The tragic death of Caroline Flack is still a very raw subject. Regardless of the circumstances, the world has lost another person – loved by friends and family – well before their time.
The printed media took a chunk of blame. Hours after Caroline’s death the British press was subject to calls from tens of thousands of petitioners to face a ‘government inquiry’ into its practices – and even manslaughter charges – for its part in such cases.
The media was not alone in facing fury, with dozens of petitions launched on the back of the news, with specific papers and the Crown Prosecution Service among many others in the spotlight.
None of these would have grown so popular without social media fanning the flames. Yet it is social media, and more importantly society as a whole, which have largely escaped this debate with a ‘Get Out Of Jail Free’ card.
The court of public opinion
The Caroline Flack case highlights a crucial issue in my mind. We are too quick to point the finger of blame and too often pick the easy targets, ignoring more complex issues.
I see this every day as a journalist.
Commentators on social media regularly assert someone charged with a criminal offence is ‘guilty’, before a verdict has been reached. Too quick to point the finger.
Councillors are regularly pilloried for controversial planning decisions, without exploration of the restrictive, national policies which give local representatives a smidgen of the perceived power they hold. Blaming the person closest is easier than a technical, dull debate.
Whenever someone unexpectedly dies, there is a long-established process. An inquest is held, which primarily confirms how they died – but it can also explore the factors surrounding the death, without attributing blame. Crucially, a coroner can make recommendations to prevent future deaths.
We do not know the full details of this case, however an inquest may assist. If certain factors were deemed to have contributed to Caroline’s death, such as press intrusion or the decision to proceed with an assault charge against her, we may see the coroner make recommendations for change.
That, to me, would seem a more appropriate way to fact find instead of letting the court of public opinion decide.
Seeking immediate answers
The problem with waiting for an inquest is it is likely to be months. Locally, we are still waiting for an inquest into the deaths of 11 men killed in the Shoreham Airshow disaster of 2015.
It is unlikely we will have to wait so long for Caroline Flack’s inquest but any wait is too long in today’s world.
As a society we want immediate answers. If the police helicopter is circling overhead, we want to know what is happening.
We look to social media. What have people heard? What have they seen? A conversation begins and all kinds of speculation is circulated before the facts are revealed later. We are happy with that, as we are part of something, seeking answers in the comfort of a larger group.
I suspect we have always been like this. It is partly human nature but this is magnified now we have the immediacy of Facebook, Twitter and the like.
It is easy to see why, following such a high-profile celebrity case, we have seen such finger pointing before the official inquiries conclude.
No one is perfect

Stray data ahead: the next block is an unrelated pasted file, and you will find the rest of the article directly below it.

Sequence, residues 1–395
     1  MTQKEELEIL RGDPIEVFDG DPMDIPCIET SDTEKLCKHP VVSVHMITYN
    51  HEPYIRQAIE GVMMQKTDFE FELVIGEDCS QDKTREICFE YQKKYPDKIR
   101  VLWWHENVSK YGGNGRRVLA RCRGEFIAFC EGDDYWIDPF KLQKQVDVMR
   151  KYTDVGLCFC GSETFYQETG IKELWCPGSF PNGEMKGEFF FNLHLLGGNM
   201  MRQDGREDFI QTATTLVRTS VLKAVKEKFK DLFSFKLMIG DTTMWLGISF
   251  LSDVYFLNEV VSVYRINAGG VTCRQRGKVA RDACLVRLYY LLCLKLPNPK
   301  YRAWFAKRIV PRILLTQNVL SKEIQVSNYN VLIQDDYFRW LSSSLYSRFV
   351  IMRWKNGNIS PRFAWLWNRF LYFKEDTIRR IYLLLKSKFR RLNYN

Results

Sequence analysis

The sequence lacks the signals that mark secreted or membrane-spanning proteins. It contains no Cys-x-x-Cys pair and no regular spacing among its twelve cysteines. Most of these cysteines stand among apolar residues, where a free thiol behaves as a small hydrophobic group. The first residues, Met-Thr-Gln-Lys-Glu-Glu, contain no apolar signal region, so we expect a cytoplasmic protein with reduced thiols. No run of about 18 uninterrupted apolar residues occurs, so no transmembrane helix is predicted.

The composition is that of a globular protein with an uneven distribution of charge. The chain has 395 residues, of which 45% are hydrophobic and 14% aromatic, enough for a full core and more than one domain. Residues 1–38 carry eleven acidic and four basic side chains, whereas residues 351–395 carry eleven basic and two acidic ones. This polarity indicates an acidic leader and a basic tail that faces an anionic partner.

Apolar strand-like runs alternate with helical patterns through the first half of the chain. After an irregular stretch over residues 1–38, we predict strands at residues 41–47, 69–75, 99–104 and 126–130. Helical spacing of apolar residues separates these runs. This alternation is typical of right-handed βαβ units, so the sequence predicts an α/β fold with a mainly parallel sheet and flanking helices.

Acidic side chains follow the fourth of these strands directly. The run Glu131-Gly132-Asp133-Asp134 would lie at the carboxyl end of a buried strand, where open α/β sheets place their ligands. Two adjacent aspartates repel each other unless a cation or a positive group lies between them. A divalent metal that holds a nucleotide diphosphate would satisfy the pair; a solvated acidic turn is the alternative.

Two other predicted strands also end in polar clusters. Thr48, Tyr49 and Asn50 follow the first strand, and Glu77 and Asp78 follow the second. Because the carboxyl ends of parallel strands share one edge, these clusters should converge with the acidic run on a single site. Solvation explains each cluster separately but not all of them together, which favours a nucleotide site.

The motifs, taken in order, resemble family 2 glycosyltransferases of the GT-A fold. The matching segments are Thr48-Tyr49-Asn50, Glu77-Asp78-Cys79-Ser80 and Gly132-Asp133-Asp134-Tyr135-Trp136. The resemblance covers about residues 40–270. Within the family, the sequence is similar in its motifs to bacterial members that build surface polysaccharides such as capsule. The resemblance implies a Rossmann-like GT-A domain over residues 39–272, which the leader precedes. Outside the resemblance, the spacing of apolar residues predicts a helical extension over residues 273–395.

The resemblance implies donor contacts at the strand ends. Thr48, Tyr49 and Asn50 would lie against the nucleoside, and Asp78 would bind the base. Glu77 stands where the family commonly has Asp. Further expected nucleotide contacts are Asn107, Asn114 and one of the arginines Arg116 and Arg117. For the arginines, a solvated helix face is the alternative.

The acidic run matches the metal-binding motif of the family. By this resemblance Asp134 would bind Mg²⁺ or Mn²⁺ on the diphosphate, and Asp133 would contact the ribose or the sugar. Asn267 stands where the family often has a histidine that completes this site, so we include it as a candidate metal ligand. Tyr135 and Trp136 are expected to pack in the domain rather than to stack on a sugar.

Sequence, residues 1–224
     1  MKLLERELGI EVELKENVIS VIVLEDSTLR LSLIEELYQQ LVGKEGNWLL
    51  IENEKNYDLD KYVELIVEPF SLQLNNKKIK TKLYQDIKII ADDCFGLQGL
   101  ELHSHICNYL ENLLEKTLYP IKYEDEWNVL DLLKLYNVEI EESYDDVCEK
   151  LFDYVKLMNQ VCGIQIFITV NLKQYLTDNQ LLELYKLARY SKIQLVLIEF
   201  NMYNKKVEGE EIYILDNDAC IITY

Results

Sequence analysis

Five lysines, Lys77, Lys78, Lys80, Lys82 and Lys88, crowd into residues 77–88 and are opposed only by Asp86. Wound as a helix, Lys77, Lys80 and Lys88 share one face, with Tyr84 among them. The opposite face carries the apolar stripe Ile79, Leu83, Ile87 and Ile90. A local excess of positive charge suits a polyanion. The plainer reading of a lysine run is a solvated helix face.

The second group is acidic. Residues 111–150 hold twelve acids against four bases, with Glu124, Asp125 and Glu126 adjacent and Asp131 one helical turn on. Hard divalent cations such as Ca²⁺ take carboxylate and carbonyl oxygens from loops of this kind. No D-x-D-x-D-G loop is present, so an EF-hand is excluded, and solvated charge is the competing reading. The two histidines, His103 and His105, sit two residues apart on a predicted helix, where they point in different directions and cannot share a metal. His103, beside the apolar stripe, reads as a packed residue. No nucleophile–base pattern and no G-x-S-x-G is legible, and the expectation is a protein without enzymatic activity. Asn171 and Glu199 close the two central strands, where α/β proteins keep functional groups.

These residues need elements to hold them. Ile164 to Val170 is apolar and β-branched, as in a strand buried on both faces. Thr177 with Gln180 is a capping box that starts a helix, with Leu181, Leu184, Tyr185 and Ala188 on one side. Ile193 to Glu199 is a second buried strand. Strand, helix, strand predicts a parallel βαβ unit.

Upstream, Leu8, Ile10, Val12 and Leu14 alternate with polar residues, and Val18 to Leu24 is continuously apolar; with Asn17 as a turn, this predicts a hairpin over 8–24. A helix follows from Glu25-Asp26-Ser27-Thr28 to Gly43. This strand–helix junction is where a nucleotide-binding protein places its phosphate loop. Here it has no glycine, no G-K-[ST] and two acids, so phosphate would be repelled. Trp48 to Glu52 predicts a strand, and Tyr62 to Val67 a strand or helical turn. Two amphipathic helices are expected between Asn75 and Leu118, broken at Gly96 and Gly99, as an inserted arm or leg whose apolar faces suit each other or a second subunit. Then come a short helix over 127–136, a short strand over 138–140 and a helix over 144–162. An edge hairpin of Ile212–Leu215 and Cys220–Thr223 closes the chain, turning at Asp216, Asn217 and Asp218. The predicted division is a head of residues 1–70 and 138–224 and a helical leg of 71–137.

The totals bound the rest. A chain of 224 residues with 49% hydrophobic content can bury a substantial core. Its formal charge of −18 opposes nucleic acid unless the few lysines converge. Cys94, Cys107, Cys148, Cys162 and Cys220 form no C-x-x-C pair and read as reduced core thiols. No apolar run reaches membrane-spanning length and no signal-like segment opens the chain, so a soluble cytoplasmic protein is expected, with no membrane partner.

It is easy to blame social media for the world in which we live. It has plenty of faults. It is completely unregulated, with often anonymous individuals using it to spread hate and misinformation. It is too easy to set up an online petition, too regularly without factual basis, and circulate it to a huge audience of willing signatories.
I cannot imagine the level of abuse celebrities receive. Even us local journalists receive plenty of stick online. It is extremely low level in comparison. Just the other day my Facebook memories reminded me of the time a person completely unknown to me criticised my paper: “The fact that Oli Poole has a senior position tells you all you need to know about that paper,” they said. Attendance at a public inquest was deemed to be me personally ‘harrassing dead people’. I have been branded a ‘liar, coward and a turd’. And just today on a local Facebook group someone branded all journalists ‘b***ends’ and ‘leeches’ with no apparent evidence.
While social media could be regulated and much more stringent action taken against nasty trolls, it is merely a platform.
The national press is far from perfect. Despite most nationals signing up to independent press regulation, many feel it needs to go further, pointing to individual experiences where they deem the media went too far. Indeed, this has happened in the Caroline Flack case, though I wonder how many of those using her case as a catalyst for change already held entrenched anti-press feelings.
Publications are a mirror of their audiences, though. They survive because people want to read what they are writing. Whether that be the investigative journalism of Private Eye or the latest nugget of celebrity gossip in the tabloids, it exists because of demand.
News organisations are not charities. Aside from advertising, they rely on print sales and revenue from website traffic – in other words people clicking on stories. Usually, the stories with the most negative comments about the justification for the piece are the most read.
If we want things to change, regulation and targeting specific groups merely papers over the cracks.
We need to assess our appetite for immediate answers, the cut and thrust of celebrity culture, open justice and acceptable behaviour online. We need to avoid knee-jerk petitions and have greater respect for official processes.
We are the source of the problem. Being a bit nicer to each other – in person and online – is the first step towards a better world.